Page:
The rad scientist
The April 25th issue of Crains NY featured an article “The Rad Scientist” about the Matthew Goldstein, the head honcho of the CUNY system if you didn’t know. Recent times have seen him push to elevate the profile of the CUNY system. Namely to pursue cutting edge research. More research is great, but I see Baruch and the CUNY system loosing sight of its mandate. To educate. Funds are being diverted, existing facilities are suffering and the teaching staff is moving towards theorertical (i.e. PhDs) background from practical (e.g. industrial.)
The first downside is whether spending vast sums to build and expand is wise while the overall system is facing enormous cuts in this climate. It is true that the current construction projects started in different times. However, look at the existing physical state of the CUNY system. It’s falling apart. Are we really going to attract the best scientists and thinkers with rooms that desperately need a paint job, escalators that don’t work ( and haven’t worked for years at the Baruch Vertical Campus), windows are filthy and the general appearance is disheveled? On a recent visit to a venerable Morningside institution I couldn’t help but notice that the buildings were spotless and well maintained. Some are state of the art, but many are old and in need of repair, but these structures are cared for. This is not what I see at many of the buildings of the buildings in the CUNY system.
More importantly, the chancellor is missing the massive, but slow, shift happening in our economy. Everyone knows businesses demand skilled employees. To remain competitive in our knowledge economy, we must have educated people. What we lose sight of is the level of education. Speaking from my technical background (land surveying) we desperately need technicians. These are the people who ordinarily would have done well in life with a HS diploma in the manufacturing industry. Now we need new workers to have an associates degrees. Yes, we need plenty of engineers and those with bachelors & masters degrees. The need is much more profound for laborers of the knowledge industry — technicians. Those who CUNY historically educated. David Brooks writes exactly to this point that the community college will do the heavy lifting of our technical and knowledge industry.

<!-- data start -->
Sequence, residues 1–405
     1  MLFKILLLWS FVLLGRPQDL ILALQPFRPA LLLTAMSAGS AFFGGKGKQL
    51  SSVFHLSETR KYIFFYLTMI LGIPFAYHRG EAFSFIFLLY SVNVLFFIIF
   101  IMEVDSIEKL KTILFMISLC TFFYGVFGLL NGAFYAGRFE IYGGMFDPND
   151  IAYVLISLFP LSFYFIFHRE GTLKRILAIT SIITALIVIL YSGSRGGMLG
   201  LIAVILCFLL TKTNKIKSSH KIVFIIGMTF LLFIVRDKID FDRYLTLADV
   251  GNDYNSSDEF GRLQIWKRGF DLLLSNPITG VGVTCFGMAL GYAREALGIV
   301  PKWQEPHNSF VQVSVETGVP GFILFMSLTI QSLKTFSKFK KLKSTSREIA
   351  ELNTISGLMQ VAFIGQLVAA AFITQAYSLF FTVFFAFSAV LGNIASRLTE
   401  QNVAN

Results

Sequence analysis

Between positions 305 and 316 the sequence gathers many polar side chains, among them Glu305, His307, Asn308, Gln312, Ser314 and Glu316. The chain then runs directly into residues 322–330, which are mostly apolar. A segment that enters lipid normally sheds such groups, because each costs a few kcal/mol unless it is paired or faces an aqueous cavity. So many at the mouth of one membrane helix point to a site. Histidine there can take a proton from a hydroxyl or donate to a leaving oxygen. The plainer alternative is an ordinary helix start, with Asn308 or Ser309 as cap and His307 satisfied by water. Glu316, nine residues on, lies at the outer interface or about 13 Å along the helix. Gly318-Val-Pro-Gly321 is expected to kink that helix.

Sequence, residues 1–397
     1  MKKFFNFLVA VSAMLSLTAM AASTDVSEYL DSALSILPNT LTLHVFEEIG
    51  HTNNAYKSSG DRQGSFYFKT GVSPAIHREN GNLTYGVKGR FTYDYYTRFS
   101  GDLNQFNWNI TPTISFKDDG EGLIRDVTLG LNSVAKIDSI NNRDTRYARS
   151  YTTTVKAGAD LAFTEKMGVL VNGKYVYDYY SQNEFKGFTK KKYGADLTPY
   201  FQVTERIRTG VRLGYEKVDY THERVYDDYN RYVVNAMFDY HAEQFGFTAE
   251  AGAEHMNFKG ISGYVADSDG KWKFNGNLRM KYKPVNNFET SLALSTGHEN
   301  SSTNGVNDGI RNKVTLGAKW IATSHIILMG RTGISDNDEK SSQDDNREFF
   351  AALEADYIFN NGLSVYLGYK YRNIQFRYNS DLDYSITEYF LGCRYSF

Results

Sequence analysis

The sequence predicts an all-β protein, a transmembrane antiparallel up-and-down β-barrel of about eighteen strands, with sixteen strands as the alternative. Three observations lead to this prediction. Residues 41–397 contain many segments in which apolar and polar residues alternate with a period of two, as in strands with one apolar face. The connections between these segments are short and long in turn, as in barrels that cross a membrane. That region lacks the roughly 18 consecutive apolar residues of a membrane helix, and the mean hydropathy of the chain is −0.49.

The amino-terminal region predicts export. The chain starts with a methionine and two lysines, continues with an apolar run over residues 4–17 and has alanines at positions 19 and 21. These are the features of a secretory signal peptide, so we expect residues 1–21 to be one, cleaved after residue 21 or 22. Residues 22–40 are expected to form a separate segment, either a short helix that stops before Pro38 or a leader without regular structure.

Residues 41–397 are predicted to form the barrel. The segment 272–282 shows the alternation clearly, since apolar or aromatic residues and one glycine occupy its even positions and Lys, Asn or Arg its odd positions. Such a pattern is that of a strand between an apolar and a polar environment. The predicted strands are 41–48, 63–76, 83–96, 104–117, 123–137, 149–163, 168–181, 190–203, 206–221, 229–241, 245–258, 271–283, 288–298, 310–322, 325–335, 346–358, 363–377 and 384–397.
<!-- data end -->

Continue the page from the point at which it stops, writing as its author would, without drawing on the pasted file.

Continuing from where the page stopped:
Lastly, I have seen a strong to push to fill lecture halls with what the administration sees as the best. That is good, except when it’s not. The strongest research institutions have the best, smartest (and most prolific) PhDs. CUNY has its base more rooted in the community it serves and that means teaching. Are PhDs the best at teaching? Do they have the most relevant experience to the industry for which that they are preparing their students? I don’t have those answers. What worries me is the sidelining of the masters + professional degree equivalence for prospective faculty. In other words, PhDs only. Those with relevant industry experience and professional licenses need not apply. Are students best served by those who climbed the ivory tower or those with muddy boots?